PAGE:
This Startup Raised $50 Million To Help Therapists Build Virtual Private Practices—And Take Insurance

Harry Ritter stood with a group of therapists in the newly renovated coworking space that his company Alma had just renovated days before pandemic chaos hit the world. In Manhattan’s Midtown, the office was part of a membership that allowed private practitioners to see patients in an open and airy space. The monthly fee allowed members to access scheduling, billing, and client-matching software. It automates many of the usual administrative headaches. In March 2020, only 5 percent of Alma’s 200 members of therapists could see patients remotely.

Coworking revenues dropped 65% almost instantly as revenue from them plummeted. Alma founder and CEO Ritter, 36, says that they lost all the money almost overnight. “We had to make a quick and significant investment in virtual care support.
Alma has made a significant change in the last year. It closed two New York therapist offices and spun up virtual technology. It also doubled its health insurance business. Alma brought along investors. Ritter states, “I believed that mental health was more crucial than ever before.” Alma has come to a long-distance since that awful first half of 2020. The company’s revenue is now 13 times higher than it was in April last year, and the number of therapists who have signed up for Alma continues to rise by between 30-40% each quarter. The company announced on Tuesday it raised $50 million Series C rounds led by Insight Partners. Insight Partners also led its $28 million Series C round in February. Optum Ventures was represented by Tusk Venture Partners and Primary Venture Partners. Sound Ventures participated as well as Rainfall Ventures. The company has raised $90.5million to date.

Venture capital has surged into behavioral healthcare startups as a result of the Covid-19 pandemic. This was in response to the rising number of Americans with anxiety and depression. Fast Company reported last week that Ginger, an online platform for accessing therapists and mental health coaches, merged into meditation app Headspace in a $3B deal. Lyra Health was valued at $4.6 million in June. It offers employers mental health benefits. Each company has a other approach to the same problem: outdated and ineffective mental health insurance directories.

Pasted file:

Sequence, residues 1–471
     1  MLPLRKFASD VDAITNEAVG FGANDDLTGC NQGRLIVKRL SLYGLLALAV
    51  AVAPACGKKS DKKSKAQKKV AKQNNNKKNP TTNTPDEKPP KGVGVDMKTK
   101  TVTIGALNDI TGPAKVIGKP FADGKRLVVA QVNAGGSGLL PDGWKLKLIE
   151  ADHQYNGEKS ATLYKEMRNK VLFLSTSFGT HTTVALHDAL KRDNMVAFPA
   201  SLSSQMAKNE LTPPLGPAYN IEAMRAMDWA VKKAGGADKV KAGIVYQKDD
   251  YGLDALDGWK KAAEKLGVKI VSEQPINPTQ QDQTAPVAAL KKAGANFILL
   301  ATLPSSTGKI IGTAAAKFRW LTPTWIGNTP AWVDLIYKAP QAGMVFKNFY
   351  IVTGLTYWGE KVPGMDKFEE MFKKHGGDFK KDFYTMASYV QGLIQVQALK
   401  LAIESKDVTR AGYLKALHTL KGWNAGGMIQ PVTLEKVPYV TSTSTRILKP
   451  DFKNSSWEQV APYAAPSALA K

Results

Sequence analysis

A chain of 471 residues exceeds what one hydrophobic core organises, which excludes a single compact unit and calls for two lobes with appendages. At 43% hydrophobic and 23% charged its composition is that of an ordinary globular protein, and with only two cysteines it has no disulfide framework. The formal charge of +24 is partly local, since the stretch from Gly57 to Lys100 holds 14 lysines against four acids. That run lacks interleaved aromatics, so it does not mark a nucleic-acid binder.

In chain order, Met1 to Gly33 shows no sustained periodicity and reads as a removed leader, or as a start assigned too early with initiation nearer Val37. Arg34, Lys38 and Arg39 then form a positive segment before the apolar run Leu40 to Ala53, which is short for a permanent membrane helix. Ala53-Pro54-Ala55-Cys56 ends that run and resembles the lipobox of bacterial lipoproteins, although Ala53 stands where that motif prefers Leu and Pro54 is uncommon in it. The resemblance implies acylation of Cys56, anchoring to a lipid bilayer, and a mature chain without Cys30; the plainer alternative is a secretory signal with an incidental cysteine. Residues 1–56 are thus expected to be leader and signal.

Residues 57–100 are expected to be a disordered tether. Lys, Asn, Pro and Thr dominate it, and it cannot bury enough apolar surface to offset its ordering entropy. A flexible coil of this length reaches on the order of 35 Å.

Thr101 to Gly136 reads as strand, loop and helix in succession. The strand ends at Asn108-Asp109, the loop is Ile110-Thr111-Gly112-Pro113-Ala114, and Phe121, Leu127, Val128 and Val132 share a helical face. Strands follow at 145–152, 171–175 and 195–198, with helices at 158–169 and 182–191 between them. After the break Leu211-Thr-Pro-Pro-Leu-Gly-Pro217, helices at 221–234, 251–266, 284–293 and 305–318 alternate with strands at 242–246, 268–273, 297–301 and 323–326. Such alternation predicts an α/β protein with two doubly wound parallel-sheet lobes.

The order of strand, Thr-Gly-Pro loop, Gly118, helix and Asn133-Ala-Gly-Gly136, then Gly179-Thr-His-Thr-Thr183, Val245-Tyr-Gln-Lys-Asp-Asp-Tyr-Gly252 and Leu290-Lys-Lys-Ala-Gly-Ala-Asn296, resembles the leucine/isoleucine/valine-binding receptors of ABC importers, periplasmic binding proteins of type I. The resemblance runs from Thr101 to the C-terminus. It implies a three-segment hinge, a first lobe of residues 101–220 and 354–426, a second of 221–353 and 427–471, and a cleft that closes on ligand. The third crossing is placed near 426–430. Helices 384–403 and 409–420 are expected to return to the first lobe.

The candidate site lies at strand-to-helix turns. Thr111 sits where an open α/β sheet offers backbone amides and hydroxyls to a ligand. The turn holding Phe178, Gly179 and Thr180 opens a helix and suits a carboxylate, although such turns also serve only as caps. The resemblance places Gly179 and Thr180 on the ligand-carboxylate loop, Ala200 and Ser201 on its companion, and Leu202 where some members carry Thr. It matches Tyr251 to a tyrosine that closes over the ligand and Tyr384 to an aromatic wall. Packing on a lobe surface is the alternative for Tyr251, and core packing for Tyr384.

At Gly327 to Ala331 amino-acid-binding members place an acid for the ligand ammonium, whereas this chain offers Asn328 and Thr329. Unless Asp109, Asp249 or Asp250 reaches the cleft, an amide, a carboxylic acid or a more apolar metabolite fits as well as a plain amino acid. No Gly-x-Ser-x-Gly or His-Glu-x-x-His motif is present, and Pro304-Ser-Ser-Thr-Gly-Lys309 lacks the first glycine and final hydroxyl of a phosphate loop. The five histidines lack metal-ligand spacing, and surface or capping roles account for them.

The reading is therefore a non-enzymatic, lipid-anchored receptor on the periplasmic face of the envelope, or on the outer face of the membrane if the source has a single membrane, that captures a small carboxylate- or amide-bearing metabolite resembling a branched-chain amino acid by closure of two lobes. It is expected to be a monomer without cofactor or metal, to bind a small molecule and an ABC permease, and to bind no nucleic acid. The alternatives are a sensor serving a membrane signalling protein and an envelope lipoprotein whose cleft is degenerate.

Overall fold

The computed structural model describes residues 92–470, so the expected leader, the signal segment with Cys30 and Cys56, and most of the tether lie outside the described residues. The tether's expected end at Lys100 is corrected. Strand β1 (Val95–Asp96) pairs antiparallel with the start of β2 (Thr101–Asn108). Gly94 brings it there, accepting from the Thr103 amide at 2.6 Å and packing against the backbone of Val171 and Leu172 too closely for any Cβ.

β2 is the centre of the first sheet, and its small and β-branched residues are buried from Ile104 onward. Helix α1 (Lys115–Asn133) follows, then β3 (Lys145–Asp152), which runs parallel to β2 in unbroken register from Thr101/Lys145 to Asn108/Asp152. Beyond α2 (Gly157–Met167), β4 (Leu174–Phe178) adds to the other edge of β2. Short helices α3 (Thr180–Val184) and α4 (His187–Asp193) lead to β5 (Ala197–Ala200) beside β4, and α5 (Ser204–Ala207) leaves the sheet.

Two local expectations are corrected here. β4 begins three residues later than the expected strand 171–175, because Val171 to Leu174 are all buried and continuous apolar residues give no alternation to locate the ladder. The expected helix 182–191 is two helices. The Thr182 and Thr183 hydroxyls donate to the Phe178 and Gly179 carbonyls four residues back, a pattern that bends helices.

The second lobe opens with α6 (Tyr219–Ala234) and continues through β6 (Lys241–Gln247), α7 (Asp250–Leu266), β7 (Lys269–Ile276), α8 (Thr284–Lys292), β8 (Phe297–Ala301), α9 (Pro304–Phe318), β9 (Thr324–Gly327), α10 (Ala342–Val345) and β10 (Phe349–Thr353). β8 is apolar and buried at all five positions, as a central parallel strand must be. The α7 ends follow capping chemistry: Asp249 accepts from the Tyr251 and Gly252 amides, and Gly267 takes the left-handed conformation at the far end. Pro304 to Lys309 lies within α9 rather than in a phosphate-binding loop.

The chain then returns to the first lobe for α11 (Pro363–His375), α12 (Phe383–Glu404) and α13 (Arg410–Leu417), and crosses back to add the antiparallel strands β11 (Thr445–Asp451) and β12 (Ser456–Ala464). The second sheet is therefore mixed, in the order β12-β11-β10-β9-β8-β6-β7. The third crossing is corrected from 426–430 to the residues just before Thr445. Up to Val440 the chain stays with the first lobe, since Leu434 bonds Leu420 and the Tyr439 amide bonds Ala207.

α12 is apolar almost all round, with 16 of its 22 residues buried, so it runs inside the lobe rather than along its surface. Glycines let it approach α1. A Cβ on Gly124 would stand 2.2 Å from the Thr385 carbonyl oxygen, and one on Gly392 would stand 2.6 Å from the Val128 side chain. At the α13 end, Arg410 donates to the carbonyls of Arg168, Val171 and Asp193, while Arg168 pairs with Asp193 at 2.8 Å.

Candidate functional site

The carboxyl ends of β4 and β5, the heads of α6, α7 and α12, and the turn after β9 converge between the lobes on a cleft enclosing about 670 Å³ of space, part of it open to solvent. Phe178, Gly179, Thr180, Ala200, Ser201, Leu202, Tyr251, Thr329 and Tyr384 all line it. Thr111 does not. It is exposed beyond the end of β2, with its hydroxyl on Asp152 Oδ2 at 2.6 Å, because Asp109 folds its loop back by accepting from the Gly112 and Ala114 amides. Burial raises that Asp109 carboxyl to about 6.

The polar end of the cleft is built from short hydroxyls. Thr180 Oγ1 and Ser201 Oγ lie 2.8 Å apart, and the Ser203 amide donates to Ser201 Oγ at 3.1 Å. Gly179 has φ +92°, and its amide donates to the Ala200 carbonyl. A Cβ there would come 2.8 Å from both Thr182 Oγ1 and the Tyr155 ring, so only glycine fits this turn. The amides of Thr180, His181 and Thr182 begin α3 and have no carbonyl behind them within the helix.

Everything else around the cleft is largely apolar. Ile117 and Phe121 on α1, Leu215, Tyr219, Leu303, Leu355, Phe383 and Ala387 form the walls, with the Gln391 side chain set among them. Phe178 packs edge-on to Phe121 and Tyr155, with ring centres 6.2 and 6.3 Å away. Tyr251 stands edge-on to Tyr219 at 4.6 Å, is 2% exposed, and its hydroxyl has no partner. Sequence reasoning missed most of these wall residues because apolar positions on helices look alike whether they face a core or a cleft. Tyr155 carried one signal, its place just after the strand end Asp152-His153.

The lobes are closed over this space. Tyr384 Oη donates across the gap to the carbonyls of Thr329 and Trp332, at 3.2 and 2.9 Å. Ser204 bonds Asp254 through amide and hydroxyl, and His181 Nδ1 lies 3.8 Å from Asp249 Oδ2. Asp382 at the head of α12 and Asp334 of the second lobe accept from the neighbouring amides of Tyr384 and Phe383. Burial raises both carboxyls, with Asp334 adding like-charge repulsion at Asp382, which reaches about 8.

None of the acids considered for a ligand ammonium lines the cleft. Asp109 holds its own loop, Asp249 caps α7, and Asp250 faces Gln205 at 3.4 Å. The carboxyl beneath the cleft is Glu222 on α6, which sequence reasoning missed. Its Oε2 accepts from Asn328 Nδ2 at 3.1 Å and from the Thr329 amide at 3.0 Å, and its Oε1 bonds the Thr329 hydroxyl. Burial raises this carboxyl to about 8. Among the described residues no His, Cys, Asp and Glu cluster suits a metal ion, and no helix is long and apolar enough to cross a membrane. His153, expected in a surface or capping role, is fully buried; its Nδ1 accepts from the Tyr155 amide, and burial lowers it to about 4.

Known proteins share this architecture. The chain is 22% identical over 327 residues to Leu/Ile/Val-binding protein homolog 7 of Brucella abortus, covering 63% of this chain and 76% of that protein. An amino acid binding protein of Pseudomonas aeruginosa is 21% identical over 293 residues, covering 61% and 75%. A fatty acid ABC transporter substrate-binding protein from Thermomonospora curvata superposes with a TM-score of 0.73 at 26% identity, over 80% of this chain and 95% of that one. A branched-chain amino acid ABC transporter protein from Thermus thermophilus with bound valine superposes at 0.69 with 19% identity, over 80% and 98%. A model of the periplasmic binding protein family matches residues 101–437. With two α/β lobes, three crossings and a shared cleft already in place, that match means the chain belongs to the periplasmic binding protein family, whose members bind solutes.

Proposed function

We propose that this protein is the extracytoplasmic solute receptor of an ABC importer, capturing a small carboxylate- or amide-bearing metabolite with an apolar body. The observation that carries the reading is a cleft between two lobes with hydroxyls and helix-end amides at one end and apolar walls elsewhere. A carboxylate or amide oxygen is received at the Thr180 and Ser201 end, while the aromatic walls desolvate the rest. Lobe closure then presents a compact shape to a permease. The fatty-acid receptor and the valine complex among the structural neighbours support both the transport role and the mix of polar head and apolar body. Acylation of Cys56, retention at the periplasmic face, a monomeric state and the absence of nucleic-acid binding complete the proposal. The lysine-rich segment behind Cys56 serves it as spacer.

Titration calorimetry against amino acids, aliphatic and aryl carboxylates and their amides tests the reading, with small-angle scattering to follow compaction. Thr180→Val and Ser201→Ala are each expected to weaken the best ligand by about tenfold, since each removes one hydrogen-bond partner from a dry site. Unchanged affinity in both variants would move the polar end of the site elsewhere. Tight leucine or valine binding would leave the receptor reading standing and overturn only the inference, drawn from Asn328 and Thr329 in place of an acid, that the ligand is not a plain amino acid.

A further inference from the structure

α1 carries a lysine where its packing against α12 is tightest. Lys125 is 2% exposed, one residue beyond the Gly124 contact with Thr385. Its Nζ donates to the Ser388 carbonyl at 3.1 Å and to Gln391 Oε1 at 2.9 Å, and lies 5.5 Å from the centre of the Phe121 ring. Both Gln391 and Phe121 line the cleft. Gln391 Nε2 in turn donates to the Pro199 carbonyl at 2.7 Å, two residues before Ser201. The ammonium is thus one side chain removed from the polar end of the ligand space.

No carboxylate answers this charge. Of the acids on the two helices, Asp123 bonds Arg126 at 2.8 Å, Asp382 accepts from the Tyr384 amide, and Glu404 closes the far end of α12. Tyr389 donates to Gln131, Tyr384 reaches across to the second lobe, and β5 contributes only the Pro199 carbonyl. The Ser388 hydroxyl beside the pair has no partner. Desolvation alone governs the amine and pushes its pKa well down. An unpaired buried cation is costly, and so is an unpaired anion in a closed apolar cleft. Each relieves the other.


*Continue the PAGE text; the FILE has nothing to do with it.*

We like the idea of a business that isn’t just rational and logical but also has soul and heart.
Ritter was raised in a family of doctors and assumed the same fate. Ritter tried out some entrepreneurial ventures during medical school and college. He described the first one as a “Facebook meets Tumblr” blog platform for college students. Later, he learned how to code and set up a social network to help medical students. He recalls, “I discovered that you need to build great products.” Ritter remembers that it’s not enough to be a doctor and try to code. Ritter moved to corporate America to work as a consultant for McKinsey. Soon after, Ritter joined Oscar Health, a New York-based public health insurer, when it was still in pre-revenue. He then went to law school. Ritter, an Oscar employee, helped to open the Oscar Center for primary care and behavioral healthcare. Ritter recalls that the center had to hire an intern responsible for searching the provider directory to locate in-network therapists to refer to within two days. This experience and his understanding of the value and importance of therapy led Ritter to decide to help solve the accessibility problem of connecting fragmented independent therapists. In 2017, he decided to leave to pursue a different goal: giving therapists the resources they need to run a successful practice.

Alma helps with this. One of its biggest draws is the software’s ease of use for patients and therapists. The biggest draw for therapists is the relationship it has with the health insurance sector. Many therapists refuse to take out insurance because insurers’ rates are too low, and they don’t cover all administrative overhead. Alma’s software cuts down on administrative expenses. The company also contracts directly with insurance companies on behalf of its members. The software is beneficial for both insurers as they can verify and select quality providers. It also benefits therapists since Alma negotiates rates on behalf of the group. In addition, providers are paid in two weeks rather than waiting for months to process claims. Because of the better rates and overhead costs, providers can afford to offer insurance coverage. This allows more patients to come to them.